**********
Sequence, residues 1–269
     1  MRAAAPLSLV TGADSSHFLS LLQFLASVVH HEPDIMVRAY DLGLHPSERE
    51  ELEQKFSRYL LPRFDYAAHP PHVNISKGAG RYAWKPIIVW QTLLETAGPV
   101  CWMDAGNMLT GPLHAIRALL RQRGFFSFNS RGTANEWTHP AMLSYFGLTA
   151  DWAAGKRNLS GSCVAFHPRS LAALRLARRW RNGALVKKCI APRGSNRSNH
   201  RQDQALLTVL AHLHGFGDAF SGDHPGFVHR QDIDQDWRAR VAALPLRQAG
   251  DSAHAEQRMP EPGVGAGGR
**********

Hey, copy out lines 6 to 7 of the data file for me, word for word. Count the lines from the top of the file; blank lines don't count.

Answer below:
   201  RQDQALLTVL AHLHGFGDAF SGDHPGFVHR QDIDQDWRAR VAALPLRQAG
   251  DSAHAEQRMP EPGVGAGGR